With my instructor Patricia Walden, I've been teaching workshops on yoga for depression for several years. Some of our students have used the yogic tools we teach--like asana, breathing techniques, and chanting--to avoid taking antidepressants or to reduce their dependency on the drugs.
But we don't offer the workshops as a method of persuading people not to find pharmaceutical support in difficult times. There are situations when drugs truly are just what the doctor ordered. I view them as powerful means--along with yoga, aerobic exercise, and psychotherapy--to help address what can be a life-threatening condition.
Not only can clinical depression lead to suicide, but it can suppress the immune system and heighten the risk of dying of a heart attack or suffering a recurrence of cancer. In the right circumstances, antidepressants can offer amazing life support.
Mind you, these medications--such as Prozac and Zoloft--are far from perfect. They can take weeks to become effective and, unfortunately, are not guaranteed to work for everyone. Sometimes it takes a painful process of trial and error to find the right antidepressant. And even when a particular drug does offer relief, it can trigger various side effects--from insomnia to sexual difficulties to a blunting of all emotions.
Yet antidepressants can help some people overcome depression, and can also give them the strength to tackle psychotherapy, bring themselves to their yoga mats, and make other life changes that may make the drugs ultimately unnecessary. Other people, particularly those with repeated episodes of major clinical depression, may need antidepressants for longer periods to stay out of the abyss.
Despite the proven benefits of these drugs, some people cling to the outmoded belief that they (or others) should be able to "snap out of it" without relying on the "crutch" of medication. Clearly, the persistence of this belief in our culture has little to do with its value and much to do with our fears about mental illness.
What's wrong with seeking help when you need it? No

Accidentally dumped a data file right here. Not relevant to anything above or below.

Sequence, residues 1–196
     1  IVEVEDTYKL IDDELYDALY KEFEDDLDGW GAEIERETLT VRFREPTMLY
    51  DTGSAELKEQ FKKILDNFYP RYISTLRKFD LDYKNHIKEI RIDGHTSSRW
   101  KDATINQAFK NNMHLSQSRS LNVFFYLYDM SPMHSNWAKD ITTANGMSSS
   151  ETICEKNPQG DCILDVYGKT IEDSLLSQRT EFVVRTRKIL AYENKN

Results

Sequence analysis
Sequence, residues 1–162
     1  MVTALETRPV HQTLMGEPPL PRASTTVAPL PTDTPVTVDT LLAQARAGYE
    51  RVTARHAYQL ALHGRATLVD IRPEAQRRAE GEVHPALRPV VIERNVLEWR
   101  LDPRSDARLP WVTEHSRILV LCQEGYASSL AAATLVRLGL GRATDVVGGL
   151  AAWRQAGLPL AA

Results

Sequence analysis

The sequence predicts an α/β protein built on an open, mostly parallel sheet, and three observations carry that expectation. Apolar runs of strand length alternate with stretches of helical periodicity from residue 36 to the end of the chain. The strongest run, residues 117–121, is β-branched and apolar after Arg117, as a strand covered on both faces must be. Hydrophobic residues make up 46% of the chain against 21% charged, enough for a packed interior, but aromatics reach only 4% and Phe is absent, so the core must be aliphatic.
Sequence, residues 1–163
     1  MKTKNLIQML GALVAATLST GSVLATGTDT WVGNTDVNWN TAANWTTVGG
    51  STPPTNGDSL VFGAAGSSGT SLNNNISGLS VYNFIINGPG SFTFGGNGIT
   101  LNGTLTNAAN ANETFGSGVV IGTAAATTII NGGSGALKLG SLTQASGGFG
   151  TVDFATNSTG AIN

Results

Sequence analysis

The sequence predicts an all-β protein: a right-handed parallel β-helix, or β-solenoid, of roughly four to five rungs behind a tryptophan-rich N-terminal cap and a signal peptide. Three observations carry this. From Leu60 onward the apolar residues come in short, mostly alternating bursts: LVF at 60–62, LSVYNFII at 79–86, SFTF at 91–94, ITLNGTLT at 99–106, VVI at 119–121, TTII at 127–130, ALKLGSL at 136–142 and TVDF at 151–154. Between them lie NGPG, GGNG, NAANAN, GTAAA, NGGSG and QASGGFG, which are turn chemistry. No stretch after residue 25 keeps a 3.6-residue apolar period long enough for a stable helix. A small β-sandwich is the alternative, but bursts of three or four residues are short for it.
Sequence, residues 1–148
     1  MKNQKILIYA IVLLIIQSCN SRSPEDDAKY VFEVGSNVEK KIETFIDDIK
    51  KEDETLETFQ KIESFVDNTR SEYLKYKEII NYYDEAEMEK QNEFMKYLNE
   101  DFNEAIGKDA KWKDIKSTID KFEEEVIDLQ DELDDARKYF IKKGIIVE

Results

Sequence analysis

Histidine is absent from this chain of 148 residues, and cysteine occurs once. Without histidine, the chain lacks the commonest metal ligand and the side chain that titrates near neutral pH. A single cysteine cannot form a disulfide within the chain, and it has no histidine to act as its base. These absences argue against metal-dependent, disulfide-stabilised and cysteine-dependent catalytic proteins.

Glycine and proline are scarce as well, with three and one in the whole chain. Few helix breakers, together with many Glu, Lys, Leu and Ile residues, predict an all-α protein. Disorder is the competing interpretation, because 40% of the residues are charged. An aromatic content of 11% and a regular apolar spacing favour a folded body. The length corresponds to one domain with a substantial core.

one would dare to guilt-trip a diabetic about needing
insulin or think a person who takes an antibiotic to
get over pneumonia is spiritually weak. But our society has yet to completely accept mental illness and its treatments as just another entry on a medical chart.
Antidepressants themselves are neither good nor bad. What matters is whether they are an appropriate choice for you in light of your overall condition and the other methods at your disposal. Far from being a sign of weakness, recognizing when you need medication is a matter of seeing clearly--which is what yoga is all about. It can take a lot of strength to recognize the painful reality that you need help.
The question is not just whether to take an antidepressant but what you do with the resulting lift in mood and energy. Are you using it to begin the hard work of figuring out what your dark emotions may be signaling? In my experience, depression is often--although not always--a sign that something needs to change: an unfulfilling job, a dysfunctional relationship, an attachment to past resentments or disappointments.
If you take the medication to feel good but don't face what needs to be faced, you not only miss the opportunity to transcend the depression, you may be inviting its return.
Timothy McCall is Yoga Journal's medical editor. His Web site is www.drmccall.com.